The Philippine Daily Inquirer has led reporting on the theft. It wrote last month that cash may have entered the Philippines via the Jupiter Street, Makati City, branch of Rizal Commercial Banking Corp. The money was converted into pesos and deposited in the account of an unidentified Chinese-Filipino businessman who runs a business flying high net worth gamblers to the Philippines.

The funds were used to buy casino chips or pay for losses at venues including Bloomberry Resorts Corp.’s Solaire Resort & Casino and Melco Crown Philippines Resort Corp.’s City of Dreams Manila, according to the paper. There was no suggestion in the report the banks or casinos named were complicit with any improper movement of funds.

In other words, the Fed was funding gamblers, only these were located in Philippine casinos, not in the financial district. Ironically, that's precisely what the Fed does, only it normally operates with gamblers operating out of Manhattan's financial district.

Bloomberry Resorts investor relations director Leo Venezuela and City of Dreams Manila Vice President Charisse Chuidian didn’t reply to calls and phone messages.

And then, once the "gamblers" were done having their fun laundering freshly received Fed money, they moved the cash offshore: funds were later dispatched into accounts outside the Philippines, the paper said, including to Hong Kong. The Hong Kong Monetary Authority declined to comment, as did the Hong Kong police. The Inquirer separately reported the head of the Rizal branch where the transactions occurred had made a statement that top bank officials were aware of the transactions “at every stage."

Were the banks in on this unprecedented theft? Probably, although it will be nearly impossible to prove.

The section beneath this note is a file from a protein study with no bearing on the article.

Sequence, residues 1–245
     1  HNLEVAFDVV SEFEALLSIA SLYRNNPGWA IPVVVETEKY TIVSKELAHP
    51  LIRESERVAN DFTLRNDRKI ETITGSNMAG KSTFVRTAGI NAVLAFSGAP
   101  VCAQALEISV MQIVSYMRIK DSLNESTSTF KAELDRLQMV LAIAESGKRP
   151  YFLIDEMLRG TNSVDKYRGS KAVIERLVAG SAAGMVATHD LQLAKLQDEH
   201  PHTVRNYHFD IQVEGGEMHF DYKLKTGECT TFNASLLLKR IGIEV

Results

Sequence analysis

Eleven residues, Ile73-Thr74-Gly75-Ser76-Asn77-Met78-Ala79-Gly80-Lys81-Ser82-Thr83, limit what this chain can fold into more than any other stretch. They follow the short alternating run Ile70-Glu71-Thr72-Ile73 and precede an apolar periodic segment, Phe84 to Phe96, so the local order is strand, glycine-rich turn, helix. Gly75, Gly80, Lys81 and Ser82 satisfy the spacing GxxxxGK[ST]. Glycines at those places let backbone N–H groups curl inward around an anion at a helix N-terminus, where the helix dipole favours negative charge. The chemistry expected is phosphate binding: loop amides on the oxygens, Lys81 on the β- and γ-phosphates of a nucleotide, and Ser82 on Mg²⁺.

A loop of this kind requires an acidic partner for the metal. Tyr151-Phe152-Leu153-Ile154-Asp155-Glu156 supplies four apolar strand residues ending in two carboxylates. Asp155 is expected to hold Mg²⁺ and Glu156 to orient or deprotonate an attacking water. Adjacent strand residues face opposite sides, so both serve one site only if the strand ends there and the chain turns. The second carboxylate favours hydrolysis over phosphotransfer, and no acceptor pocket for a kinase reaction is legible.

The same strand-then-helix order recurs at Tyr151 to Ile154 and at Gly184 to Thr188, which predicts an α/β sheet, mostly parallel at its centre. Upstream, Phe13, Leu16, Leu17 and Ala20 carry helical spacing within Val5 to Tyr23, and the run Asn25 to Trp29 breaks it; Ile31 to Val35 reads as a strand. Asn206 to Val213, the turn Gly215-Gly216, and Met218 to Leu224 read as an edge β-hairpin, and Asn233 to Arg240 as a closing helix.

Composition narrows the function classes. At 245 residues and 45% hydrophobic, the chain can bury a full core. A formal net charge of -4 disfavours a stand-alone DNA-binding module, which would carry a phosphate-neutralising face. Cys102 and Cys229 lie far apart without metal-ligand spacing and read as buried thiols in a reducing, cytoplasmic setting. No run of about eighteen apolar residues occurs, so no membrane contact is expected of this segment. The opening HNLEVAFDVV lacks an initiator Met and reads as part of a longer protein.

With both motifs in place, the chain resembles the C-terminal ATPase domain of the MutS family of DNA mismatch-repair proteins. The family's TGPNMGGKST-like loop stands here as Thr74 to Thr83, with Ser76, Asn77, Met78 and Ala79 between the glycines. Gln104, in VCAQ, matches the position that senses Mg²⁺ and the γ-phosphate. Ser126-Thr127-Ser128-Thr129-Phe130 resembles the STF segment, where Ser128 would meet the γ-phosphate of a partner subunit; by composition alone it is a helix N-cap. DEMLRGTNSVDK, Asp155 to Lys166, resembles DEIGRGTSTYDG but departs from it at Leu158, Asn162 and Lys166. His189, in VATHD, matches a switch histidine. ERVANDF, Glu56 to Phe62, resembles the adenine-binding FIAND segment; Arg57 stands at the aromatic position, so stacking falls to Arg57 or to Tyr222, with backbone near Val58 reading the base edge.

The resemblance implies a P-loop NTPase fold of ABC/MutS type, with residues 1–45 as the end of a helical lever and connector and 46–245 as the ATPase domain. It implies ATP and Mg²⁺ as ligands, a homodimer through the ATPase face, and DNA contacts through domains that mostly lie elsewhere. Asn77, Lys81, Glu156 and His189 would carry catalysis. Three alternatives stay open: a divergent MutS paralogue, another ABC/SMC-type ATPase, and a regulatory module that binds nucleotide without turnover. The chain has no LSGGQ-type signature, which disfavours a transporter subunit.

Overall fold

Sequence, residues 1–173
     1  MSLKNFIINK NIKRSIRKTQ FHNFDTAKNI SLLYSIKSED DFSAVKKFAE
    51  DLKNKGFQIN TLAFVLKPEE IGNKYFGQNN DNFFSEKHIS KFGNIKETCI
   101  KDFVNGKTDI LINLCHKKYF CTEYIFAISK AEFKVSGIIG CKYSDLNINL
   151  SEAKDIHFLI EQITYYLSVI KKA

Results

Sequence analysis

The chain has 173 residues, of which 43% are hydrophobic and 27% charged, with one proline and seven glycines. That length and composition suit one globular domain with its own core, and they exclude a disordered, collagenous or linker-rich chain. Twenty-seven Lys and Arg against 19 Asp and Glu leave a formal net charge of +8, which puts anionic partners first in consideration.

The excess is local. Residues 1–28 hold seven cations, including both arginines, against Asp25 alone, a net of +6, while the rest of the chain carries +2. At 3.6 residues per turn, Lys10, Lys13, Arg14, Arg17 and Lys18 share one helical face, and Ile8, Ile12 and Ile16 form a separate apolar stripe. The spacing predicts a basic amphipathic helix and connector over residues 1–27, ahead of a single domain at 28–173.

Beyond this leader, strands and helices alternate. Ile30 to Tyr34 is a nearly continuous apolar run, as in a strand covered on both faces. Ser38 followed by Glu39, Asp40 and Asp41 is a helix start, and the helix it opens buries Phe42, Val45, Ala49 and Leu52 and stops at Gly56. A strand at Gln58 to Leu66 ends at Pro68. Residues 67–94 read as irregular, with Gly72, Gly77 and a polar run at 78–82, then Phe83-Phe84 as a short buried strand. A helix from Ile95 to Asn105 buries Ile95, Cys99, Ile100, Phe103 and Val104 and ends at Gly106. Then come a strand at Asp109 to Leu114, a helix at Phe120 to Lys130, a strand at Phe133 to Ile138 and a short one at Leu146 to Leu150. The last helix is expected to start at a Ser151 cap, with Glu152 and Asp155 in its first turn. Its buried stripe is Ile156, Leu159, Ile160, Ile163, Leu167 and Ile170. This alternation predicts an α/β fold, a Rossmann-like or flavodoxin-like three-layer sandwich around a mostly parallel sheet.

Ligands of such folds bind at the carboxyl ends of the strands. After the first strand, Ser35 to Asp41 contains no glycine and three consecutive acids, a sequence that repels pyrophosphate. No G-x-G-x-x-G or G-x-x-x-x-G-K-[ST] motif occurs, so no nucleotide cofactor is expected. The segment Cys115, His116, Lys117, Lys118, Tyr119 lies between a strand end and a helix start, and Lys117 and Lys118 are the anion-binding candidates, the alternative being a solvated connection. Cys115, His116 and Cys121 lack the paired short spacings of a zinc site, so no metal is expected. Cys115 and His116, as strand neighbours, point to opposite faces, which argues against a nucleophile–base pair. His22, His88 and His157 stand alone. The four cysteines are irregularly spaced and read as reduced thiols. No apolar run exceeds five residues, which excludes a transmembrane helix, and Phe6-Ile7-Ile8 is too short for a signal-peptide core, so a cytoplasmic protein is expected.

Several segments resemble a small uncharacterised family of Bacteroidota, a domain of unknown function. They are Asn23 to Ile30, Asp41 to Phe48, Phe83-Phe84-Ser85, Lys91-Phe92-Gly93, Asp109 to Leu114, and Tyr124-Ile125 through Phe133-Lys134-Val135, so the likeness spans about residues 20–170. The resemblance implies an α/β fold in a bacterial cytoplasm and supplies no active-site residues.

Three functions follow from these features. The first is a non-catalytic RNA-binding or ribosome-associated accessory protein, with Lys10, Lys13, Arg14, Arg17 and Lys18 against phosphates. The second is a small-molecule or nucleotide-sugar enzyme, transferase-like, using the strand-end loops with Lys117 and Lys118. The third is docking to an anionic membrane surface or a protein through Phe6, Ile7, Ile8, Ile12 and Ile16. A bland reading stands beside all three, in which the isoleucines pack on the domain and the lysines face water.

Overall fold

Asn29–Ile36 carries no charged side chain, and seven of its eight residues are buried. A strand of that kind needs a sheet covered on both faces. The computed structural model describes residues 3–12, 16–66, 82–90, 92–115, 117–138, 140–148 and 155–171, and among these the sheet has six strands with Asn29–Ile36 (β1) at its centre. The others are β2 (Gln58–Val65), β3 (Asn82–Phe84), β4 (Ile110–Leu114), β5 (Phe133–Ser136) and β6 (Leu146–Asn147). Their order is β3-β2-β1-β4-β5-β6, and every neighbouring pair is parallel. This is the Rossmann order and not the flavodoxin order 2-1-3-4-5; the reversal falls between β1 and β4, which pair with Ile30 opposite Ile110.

Rizal’s shareholders “are fully committed to comply with all banking laws and regulations, in particular those on money laundering,” Vice Chairman Cesar E.A. Virata said in a statement Wednesday. In a separate statement, the bank’s Chief Executive Officer Lorenzo Tan condemned “any insinuations that the top management of the bank knew of and tolerated alleged money laundering activities in one branch.”

* * *

The exact amount stolen from Bangladesh is still not exactly clear, as is what happens next in the dispute with the Fed.

While Muhith said the Fed was responsible for at least $100 million, another Bangladeshi central bank official who asked not to be identified said $20 million of a $101 million total had been recovered from an account held in Sri Lanka, leaving $81 million unaccounted for. That figure matches the amount Rizal’s Virata said the bank was investigating.

What we would like to know, is whether this is merely the Fed's way of testing its level of preparedness for the moment it has to wire helicopter money around the globe, in lieu of using drone delivery of cash, especially if cash has been banned previously as so many "famous economists" demand, clearly unaware that cash has to be present when in the last ditch step to boost inflation, the Fed has no choice but to hand out physical money to every willing recipient.

For a few lucky recipients in the Philippines, it already worked out.